Opinion

The changing world of booze | Editorial

To paraphrase the great Ogden Nash, candy is dandy for attracting customers, but liquor is quicker. And no doubt much more profitable.

The people of Washington last November, displaying wisdom inspired by a $20 million political advertising campaign by Costco, decided to take the state out of the liquor business. State-owned liquor stores are being auctioned off and small town stores that contracted with the state to sell liquor face the daunting task of competing with the big boys commencing in June.

Location, location, location may be the secret of real estate, but it never applied to liquor stores on Whidbey Island. The state-owned store in Oak Harbor is in a nondescript strip mall down the street from Dairy Queen. If you didn’t know it was there, chances are you wouldn’t notice it on your way to getting an ice cream cone.

Elsewhere, the contract stores are even more discreetly placed. In Freeland, the liquor store can’t be seen from Main Street. You turn into a dead-end street with a few shops off the beaten track, including the liquor store.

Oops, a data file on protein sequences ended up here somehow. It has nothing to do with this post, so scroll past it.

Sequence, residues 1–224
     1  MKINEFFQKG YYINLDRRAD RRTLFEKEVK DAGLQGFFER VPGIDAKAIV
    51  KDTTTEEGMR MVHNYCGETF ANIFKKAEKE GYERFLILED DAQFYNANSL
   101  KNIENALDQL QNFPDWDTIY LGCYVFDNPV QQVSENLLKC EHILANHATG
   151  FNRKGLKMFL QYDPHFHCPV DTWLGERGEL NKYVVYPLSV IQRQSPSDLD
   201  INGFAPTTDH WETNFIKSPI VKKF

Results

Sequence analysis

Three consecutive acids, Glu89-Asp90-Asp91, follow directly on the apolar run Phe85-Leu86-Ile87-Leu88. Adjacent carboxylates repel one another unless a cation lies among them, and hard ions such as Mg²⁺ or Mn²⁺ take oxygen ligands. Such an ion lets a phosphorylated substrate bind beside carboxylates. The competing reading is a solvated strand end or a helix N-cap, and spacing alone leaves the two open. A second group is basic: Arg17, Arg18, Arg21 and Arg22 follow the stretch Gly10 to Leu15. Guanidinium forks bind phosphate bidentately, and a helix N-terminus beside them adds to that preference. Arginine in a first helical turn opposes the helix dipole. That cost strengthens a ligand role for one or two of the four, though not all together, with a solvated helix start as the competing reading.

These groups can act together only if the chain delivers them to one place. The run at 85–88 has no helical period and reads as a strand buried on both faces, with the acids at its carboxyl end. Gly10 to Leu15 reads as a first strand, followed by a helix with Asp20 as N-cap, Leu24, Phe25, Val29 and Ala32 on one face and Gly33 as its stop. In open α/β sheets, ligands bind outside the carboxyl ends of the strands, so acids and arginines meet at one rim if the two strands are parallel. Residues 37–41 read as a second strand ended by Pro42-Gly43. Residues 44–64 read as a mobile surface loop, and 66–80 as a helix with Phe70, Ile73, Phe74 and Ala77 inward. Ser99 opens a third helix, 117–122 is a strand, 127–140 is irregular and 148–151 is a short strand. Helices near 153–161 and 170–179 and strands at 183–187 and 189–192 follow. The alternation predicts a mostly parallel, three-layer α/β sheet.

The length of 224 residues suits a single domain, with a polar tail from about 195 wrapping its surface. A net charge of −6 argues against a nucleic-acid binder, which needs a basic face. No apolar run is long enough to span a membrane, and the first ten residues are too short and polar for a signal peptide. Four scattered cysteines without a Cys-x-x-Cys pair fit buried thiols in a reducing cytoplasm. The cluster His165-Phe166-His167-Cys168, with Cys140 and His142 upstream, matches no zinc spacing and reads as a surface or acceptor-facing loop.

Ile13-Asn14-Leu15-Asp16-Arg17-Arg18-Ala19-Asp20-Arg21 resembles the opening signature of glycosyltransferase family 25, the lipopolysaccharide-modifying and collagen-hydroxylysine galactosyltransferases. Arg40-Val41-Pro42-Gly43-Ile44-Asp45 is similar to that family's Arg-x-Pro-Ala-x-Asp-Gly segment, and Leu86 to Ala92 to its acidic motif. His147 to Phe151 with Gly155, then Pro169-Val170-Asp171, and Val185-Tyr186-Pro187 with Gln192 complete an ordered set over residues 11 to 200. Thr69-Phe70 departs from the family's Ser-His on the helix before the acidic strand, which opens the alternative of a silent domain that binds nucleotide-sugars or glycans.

The Clinton Liquor Store isn’t even in what is generally considered Clinton. It sits far off the highway across and down the road from Ken’s Korner Mall. If forced to give directions, one might say it’s across from Naomi’s gas station, which by the way, has no indication that islanders still call it Naomi’s.

Whidbey Island’s other contract Liquor Store is located in Langley. Booze buyers can’t even drive there and park in front of the store. It’s located at the back end of “Langley Village,” requiring parking on Second Street and walking through the rest of the village, or parking on the dead-end Third Street and trying to find the path to the liquor store.

Regardless of location, people always manage to find their liquor, as for many it’s one of life’s pleasures or necessities. But we fear that small, out-of-the-way liquor stores with local operators may become a part of our quaint island past.

In June, liquor will be available at most major grocery stores. There will be no real need to drive out of one’s way to pick up a bottle of rum or gin; just stick it in the shopping cart along with the Cheerios and Hamburger Helper.

Costco and the other big stores will make more money, but part of what once made Washington state unique will be gone forever. We’ll be a little bit more like California, which is sad.

 

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